A legislation that aims to clear the decks for permitting sale of public lands previously allotted on lease or occupancy basis was cleared by the state legislative assembly on Thursday. Nearly two months after the Maharashtra cabinet decided to offer the option of disposal of such public plots, the government introduced a bill in the lower House, and secured an approval.
The move comes at a time when controversy continues to rage over contentious land allotments made to celebrities and trusts controlled by politicians.
While the previous Congress-NCP regime had in 2012 permitted conversion of lease lands to occupancy basis on payment of premium at ready reckoner rates, the latest move is aimed at further decontrol of such lands. For land grants on occupancy and lease, there are restrictions over the transfer of land or change of use since their ownership vests in the government. Converting such grants on ownership basis would permanently lift these curbs and transfer full rights to the holder.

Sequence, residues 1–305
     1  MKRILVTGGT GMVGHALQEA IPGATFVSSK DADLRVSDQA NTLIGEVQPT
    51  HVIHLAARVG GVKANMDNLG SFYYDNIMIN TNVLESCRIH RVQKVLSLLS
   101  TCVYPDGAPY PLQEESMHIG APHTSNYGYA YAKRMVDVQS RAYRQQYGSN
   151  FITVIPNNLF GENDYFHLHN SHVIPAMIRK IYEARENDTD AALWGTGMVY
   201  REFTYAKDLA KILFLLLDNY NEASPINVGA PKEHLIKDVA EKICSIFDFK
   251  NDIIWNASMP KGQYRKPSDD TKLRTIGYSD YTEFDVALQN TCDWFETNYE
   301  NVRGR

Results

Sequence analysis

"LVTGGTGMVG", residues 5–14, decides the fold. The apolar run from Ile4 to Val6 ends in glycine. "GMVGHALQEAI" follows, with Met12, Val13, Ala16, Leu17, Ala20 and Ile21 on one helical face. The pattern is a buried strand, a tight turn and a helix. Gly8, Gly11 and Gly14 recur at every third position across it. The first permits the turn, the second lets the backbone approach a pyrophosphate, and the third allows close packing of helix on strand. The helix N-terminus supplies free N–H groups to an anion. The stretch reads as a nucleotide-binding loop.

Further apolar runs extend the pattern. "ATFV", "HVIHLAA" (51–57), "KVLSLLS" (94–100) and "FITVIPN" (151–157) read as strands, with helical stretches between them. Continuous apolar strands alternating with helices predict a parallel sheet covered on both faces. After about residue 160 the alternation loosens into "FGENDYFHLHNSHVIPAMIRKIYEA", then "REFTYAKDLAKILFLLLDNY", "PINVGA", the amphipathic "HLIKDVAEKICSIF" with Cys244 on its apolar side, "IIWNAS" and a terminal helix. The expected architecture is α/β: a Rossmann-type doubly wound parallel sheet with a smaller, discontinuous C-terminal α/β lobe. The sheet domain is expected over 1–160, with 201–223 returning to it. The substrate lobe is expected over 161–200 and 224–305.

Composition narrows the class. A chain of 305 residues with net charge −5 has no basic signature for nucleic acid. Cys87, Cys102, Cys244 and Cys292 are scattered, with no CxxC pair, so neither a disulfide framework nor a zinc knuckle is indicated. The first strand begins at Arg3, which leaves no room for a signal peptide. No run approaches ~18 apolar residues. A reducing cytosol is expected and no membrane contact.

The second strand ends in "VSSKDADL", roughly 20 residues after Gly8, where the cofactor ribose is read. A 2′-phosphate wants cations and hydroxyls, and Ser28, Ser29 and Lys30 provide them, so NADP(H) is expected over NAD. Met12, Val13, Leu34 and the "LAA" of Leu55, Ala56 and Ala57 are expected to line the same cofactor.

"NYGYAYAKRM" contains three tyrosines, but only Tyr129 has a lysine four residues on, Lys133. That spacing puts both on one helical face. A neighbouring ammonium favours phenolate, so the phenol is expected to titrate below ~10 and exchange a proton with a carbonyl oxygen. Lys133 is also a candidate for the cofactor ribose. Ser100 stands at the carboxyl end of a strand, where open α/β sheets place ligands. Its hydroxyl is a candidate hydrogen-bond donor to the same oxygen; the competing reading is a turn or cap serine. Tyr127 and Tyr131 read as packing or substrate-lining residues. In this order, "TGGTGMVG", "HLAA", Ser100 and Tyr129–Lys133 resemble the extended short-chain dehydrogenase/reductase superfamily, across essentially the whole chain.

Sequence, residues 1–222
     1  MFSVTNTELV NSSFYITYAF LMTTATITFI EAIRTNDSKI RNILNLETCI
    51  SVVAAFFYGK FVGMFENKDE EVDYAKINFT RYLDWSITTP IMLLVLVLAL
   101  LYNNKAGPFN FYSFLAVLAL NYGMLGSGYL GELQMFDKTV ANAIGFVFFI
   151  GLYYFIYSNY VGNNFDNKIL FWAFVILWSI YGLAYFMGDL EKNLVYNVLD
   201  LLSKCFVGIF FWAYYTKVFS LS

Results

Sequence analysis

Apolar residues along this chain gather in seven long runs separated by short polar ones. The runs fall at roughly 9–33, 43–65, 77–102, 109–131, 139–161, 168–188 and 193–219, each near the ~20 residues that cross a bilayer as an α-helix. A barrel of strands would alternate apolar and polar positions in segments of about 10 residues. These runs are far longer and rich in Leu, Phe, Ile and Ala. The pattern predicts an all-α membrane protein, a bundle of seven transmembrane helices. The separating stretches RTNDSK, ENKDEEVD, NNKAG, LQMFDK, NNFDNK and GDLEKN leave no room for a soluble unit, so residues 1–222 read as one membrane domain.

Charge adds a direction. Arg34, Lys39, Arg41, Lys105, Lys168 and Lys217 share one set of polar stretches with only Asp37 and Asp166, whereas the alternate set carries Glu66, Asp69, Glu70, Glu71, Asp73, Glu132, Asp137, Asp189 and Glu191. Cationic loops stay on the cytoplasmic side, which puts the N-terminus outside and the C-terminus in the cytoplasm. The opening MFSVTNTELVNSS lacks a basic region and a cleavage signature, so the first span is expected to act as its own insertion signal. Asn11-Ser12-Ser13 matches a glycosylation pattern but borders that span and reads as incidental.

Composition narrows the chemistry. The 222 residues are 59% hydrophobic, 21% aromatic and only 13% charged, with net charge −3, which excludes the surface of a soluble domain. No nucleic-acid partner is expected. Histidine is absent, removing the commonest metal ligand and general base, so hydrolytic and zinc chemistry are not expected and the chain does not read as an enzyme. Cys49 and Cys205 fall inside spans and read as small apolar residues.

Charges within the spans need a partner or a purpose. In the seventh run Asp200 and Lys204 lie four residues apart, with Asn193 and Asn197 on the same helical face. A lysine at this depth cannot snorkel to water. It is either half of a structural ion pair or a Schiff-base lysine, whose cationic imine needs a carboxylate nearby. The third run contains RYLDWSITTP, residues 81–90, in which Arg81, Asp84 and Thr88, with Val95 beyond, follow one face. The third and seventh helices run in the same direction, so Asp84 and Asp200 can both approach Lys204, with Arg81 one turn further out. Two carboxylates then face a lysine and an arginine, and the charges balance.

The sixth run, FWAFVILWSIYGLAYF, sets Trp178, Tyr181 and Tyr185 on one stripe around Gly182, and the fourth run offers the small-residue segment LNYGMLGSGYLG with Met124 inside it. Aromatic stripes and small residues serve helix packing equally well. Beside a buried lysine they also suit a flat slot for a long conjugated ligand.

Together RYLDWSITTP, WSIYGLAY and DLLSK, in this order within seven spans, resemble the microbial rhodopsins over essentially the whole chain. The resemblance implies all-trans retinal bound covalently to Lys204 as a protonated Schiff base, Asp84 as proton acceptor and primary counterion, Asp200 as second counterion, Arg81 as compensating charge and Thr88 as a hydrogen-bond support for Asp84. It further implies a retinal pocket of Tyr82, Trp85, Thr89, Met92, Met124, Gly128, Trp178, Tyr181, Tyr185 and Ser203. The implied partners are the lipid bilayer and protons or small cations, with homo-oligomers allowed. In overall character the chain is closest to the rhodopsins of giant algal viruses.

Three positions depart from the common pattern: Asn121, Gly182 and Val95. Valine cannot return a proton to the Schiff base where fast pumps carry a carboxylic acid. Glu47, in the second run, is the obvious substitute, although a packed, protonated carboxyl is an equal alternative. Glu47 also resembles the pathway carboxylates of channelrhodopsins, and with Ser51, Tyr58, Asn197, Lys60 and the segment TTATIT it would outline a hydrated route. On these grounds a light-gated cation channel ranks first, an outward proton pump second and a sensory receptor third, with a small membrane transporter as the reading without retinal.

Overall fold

While the bill dealt with amendments required to be introduced in the Maharashtra Land Revenue Code to permit disposal of public land, Revenue Minister Eknath Khadse informed the House that a committee under Principal Secretary (Revenue) Manu Kumar Srivastava had been constituted to design rules defining terms and conditions and the premiums at which conversion to ownership will be permitted.
The Minister has earlier clarified that land grants allotted on lease for public uses such as hospitals, recreation grounds, educational complexes, and gymkhanas, among others, won’t be offered on sale. “The committee will suggest the category of grants for which the option can be extended,” said Khadse.
Official records show that about 1, 04,396 lakh grants exists on occupancy rights in Maharashtra. Back in 2012, the then government had courted criticism for permitting conversion of lease lands at RR rates on grounds that actual real estate values, especially in areas around urban centres such as Mumbai, were higher than the RR rates.
The government has argued that the decontrol measure will rev up the economy and remove bottlenecks in development of such lands. The move will also clear decks for regularisation of unauthorised use or transfer of such lands. There has been had been rampant misuse of these plots in the past.
(Source Credit : www.indianexpress.com)